This story appeared in Bank Digest.
A divided panel of the U.S. Court of Appeals for the Third Circuit has ruled in NLRB v. New Vista Nursing and Rehabilitation that a National Labor Relations Board panel lacked the requisite number of members to exercise the NLRB's authority because one panel member was invalidly appointed during an intrasession break. This latest ruling, along with the Jan. 25, 2013, decision by the U.S. Court of Appeals for the District of Columbia in Noel Canning v. National Labor Relations Board, as well as the Obama Administration's petition for certiorari with the Supreme Court seeking reversal of the D.C. court's decision, further clouds the January 2012 recess appointment of Richard Cordray as Director of the Consumer Financial Protection Bureau and the actions taken by the bureau during Cordray's recess appointment.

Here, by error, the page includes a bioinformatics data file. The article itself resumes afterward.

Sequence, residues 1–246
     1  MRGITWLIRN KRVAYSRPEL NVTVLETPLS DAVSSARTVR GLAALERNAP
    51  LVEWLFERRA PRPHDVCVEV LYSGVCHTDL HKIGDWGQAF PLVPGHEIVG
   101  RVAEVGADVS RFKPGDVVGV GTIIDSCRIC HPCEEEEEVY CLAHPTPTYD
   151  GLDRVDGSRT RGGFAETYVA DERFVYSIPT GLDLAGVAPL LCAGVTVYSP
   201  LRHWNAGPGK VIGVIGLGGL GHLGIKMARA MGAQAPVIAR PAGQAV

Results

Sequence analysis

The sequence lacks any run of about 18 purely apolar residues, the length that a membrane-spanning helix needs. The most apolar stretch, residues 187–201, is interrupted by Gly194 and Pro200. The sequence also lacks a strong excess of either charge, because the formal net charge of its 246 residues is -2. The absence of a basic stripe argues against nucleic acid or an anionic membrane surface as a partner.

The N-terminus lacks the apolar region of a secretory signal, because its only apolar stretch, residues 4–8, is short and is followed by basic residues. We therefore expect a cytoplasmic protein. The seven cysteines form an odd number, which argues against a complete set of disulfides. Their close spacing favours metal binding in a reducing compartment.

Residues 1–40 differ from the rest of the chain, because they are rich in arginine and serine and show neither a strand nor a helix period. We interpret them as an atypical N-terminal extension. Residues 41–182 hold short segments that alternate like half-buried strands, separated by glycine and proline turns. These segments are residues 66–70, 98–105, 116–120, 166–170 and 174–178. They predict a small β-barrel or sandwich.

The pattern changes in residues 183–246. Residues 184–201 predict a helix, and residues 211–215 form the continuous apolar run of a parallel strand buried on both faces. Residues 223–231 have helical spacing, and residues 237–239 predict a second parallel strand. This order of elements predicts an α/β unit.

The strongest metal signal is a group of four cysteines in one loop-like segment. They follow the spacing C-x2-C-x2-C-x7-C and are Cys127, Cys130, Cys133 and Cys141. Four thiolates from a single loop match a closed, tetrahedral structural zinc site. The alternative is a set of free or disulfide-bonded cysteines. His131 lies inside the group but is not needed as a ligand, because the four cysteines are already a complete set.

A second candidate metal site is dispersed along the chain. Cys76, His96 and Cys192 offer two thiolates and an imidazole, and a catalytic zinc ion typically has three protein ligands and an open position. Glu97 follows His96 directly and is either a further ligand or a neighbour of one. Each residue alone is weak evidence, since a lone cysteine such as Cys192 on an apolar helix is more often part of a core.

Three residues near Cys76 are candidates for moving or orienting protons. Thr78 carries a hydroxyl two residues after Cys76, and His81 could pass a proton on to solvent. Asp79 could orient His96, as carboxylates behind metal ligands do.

Sen. Mike Johanns (R-Neb.) responded to the ruling by calling on appointed NLRB and CFPB members "to immediately vacate the offices." Johanns also sent letters to the appointees. Although Johanns projected that as a result of the ruling the actions of the NLRB and CFPB "are likely void and subject to litigation," a report by the Congressional Research Service noted that if a court invalidated Cordray's recess appointment and determined that every rulemaking and enforcement action conducted under the direction of Cordray was done without proper legal authority, that does not necessarily mean those actions are void. The report went on to say that "many of the substantive actions taken while Cordray was at the helm were exercises of transferred authorities that the [Treasury] Secretary could have authorized had he been serving as interim director pursuant to [Dodd-Frank Act] section 1066(a)" and the Treasury Secretary may be permitted to validate some of the bureau's past actions through the doctrine of ratification.